Emily Writes speaks to children throughout the country about how they’re feeling right now and what advice they might have for grown-ups.
The Spinoff’s coverage of the Covid-19 outbreak is funded by The Spinoff Members. To support this work, join The Spinoff Members here.
About one third of New Zealand households have children. And today those children are home. In the rush of experts talking about how to support children through this unprecedented lockdown I wondered: where are the voices of children?
I decided to have a chat to a couple of kids to ask them how they’re feeling and what we as adults can do to support them through this. I don’t think anyone is a better expert on what will help a child than the child themselves. So in the words of some of our country’s youngest people, here’s what it’s like living in lockdown and how parents can help make it a little easier.
India, ‘nearly 7’
Well, I’m pretty good with it. I’m not that worried about coronavirus because the prime minister and my mum and dad will protect me. That’s why we went into self-isolation. I would say to parents just to keep your kids away from school and leave them in their house for a very a long time. You can just say that everything will be fine if we don’t worry and we stay at home and wash our hands.
I kind of just don’t know what I think about it but I miss my friends and it feels kind of odd not going to school. I’m feeling like maybe a little anxious about some things like what might happen next. There were lots of events I was going to do that got cancelled. Keeping busy helps. As long as you’re doing fun things you don’t think about the virus. We have made kindness rocks and we’re going to give them to my friends. On their doorsteps. I think I would say to other kids, take this time to hang out with your mum and dad. Make memories.
My dump truck had to go into isolation in a garage because the truck has a cough and might have coronavirus.
I don’t like lockdown because I have to stay home. I don’t get to see my friends. I’m not scared about it. I watch television with my mama and dad I see the prime minister Jacinda and she’s looking after us. I like the prime minister. I’m excited that my nana bought me Lego and I get it this week. It makes me so sad I can’t cuddle her. That’s about it.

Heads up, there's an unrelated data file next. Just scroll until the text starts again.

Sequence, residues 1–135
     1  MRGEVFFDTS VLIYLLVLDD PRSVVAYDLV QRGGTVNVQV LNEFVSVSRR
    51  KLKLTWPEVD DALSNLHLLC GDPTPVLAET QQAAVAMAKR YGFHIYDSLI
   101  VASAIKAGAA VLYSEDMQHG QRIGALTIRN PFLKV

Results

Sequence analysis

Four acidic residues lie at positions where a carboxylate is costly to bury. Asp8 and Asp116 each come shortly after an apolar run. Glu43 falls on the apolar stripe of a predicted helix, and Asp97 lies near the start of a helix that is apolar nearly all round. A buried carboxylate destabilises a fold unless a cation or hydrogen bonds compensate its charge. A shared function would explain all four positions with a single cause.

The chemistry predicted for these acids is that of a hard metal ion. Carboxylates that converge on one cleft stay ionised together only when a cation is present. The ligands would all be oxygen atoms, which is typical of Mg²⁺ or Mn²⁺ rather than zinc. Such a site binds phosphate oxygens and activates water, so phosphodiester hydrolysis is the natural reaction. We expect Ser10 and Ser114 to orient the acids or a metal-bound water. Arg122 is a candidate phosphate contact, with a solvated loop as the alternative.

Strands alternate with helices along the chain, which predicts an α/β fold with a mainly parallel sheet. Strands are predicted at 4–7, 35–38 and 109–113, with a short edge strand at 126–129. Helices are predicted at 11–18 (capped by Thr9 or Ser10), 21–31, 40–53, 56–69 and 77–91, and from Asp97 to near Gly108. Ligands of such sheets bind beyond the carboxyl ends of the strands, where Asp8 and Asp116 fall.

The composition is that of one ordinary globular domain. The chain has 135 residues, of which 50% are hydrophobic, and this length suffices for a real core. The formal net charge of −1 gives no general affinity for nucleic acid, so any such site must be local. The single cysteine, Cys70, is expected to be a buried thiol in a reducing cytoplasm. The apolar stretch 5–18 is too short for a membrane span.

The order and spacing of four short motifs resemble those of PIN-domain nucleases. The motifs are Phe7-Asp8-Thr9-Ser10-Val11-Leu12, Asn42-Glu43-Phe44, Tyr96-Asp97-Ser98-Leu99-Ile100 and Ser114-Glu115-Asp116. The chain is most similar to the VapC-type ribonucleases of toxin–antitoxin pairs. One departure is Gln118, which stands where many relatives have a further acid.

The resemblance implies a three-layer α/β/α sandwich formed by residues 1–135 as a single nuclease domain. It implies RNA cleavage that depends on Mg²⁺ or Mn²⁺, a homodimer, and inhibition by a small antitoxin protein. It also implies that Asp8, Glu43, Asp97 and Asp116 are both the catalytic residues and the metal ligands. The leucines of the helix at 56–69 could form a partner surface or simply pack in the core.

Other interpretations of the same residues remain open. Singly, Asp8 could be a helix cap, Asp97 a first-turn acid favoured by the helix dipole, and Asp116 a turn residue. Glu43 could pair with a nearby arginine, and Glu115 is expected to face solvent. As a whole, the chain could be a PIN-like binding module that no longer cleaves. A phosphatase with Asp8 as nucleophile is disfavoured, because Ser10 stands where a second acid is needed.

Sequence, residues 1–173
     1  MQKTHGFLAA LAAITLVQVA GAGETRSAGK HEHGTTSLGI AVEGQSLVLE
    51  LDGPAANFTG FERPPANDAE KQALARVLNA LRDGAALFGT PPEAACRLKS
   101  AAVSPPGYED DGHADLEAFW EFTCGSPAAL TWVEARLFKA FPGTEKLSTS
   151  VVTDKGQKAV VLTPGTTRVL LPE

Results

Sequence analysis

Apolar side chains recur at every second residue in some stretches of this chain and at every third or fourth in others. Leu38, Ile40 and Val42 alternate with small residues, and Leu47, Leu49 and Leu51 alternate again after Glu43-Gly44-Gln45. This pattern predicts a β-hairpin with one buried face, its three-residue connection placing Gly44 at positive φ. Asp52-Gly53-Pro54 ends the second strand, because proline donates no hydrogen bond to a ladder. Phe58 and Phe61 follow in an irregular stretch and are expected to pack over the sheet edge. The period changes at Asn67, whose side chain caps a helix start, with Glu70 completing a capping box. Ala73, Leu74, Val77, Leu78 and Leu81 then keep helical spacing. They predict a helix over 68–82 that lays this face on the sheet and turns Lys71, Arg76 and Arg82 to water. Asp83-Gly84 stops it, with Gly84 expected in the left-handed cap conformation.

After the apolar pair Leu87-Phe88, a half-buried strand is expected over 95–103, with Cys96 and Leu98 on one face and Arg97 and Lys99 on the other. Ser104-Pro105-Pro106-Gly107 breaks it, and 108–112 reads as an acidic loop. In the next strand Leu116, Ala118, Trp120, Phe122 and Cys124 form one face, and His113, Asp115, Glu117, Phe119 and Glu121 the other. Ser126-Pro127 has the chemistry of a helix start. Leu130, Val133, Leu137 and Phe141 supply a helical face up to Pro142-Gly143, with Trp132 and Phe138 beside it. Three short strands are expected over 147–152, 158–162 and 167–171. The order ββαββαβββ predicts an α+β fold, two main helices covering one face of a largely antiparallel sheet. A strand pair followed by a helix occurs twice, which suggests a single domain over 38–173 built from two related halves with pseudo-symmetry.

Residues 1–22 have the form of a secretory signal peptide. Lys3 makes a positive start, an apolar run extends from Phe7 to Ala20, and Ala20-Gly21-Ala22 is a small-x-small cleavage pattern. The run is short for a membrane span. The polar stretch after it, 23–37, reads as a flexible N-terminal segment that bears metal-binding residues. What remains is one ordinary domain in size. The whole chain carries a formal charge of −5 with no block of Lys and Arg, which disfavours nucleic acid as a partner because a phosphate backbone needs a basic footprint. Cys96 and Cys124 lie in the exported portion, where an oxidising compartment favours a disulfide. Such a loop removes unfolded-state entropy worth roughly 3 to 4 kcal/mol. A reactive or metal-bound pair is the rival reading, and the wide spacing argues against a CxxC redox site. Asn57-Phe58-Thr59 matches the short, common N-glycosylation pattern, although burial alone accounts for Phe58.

I feel it’s just an excuse to play games. I’m not thinking about the virus. I hope that all the stuff goes back to normal but school doesn’t go back.
It’s pretty annoying. Everything that I like to do is being cancelled like all my sports and stuff are getting cancelled and everything is being shut down it makes me feel pretty sad not being able to do fun things. Parents should try and do the things the kids like doing. Like ask what they can do that makes kids happy.
I’m kind of nervous because I saw on TV the whole cycle of [the virus] and it makes me nervous because if someone touches something that makes the sickness move. So it goes from touch after touch to other people. Like if I got some mail that could get touched and I could touch it and then I would get it now. But I guess I’m not too worried because my parents are telling me how to be safe like using antibacterial soap and stuff.
We are making cupcakes!
Neva, ‘almost 8’
It’s pretty fun being at home because you can do lots of stuff that you can’t do at school. I’m happy. If mums or dads are stressed out you can take a deep breath and you can say can we start all over.
I’m feeling quite frustrated because I have to spend more time with my sister. I’m trying not to think about the virus. Don’t go out. If a kid is sad they should stay in their room and don’t bother anyone. Don’t think about it.
I’m nearly four. I’m three-and-a-half and I’m feeling good. Stay at home and go outside but in your home.
It’s a bit weird not being at school. I kind of miss it even though it has only been a few days. I write in my journal when I’m nervous. It feels strange not having much communication with people.My friend is a little bit freaked out because she hates the idea of pandemics. I think adults should maybe think of the positive things like maybe it’s good to get out of society and let your head breathe a little bit and have some quality time with your family. I think Jacinda Ardern is being really impressive. It’s disappointing but I want to stay on the positive side and think of the positive stuff that will come out of it. Someday we will do the things we planned.
I kind of miss school. I feel nervous if [the virus] gets to Lyttelton. I talk to Mum and Dad when I’m nervous and they say don’t worry and it’s usually just a bad cold when kids get it and that makes me feel better kind of. It’s a little bit scary in some ways. I’m scared if we get it and we can’t see nana. I think the prime minister is doing a good job though.
I feel so sad because I don’t get to see my best friend Annie, my other best friend Ms Chamberlain and my other best friend, Nana. I’m going to see nana when she’s in the car through the window. I saw Ms Chamberlain from the window. I don’t want anyone to get coronavirus. If you have a kid and the kid is sad you have to cuddle them.
What I think about the lockdown is it’s going to be hard because I think home is a little boring sometimes. It is serious. I’m a bit worried. I want everyone to try and stop it. I want to do the opposite of helping it grow. I think adults can be kind and help us settle in so we feel like normal because it doesn’t feel normal right now because we can’t go to the café or the park. We can go to the beach or something but I miss my friends. Some people can be really stressed about the virus and really worried – I just want to say to them it’s going to be OK, don’t worry.
The Spinoff Weekly compiles the best stories of the week – an essential guide to modern life in New Zealand, emailed out on Monday evenings.